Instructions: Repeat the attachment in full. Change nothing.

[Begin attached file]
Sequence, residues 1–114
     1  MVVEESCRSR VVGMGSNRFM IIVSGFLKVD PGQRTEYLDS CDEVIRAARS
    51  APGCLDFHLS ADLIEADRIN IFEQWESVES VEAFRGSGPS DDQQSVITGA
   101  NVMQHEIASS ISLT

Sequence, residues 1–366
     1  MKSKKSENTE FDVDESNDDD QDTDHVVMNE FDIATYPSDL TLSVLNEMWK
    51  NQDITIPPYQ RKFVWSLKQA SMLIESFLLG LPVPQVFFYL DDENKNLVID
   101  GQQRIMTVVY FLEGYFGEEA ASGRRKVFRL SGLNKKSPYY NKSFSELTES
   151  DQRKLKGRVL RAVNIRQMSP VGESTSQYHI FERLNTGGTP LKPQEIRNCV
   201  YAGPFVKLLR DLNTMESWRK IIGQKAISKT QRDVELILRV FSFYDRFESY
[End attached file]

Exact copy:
Sequence, residues 1–114
     1  MVVEESCRSR VVGMGSNRFM IIVSGFLKVD PGQRTEYLDS CDEVIRAARS
    51  APGCLDFHLS ADLIEADRIN IFEQWESVES VEAFRGSGPS DDQQSVITGA
   101  NVMQHEIASS ISLT

Sequence, residues 1–366
     1  MKSKKSENTE FDVDESNDDD QDTDHVVMNE FDIATYPSDL TLSVLNEMWK
    51  NQDITIPPYQ RKFVWSLKQA SMLIESFLLG LPVPQVFFYL DDENKNLVID
   101  GQQRIMTVVY FLEGYFGEEA ASGRRKVFRL SGLNKKSPYY NKSFSELTES
   151  DQRKLKGRVL RAVNIRQMSP VGESTSQYHI FERLNTGGTP LKPQEIRNCV
   201  YAGPFVKLLR DLNTMESWRK IIGQKAISKT QRDVELILRV FSFYDRFESY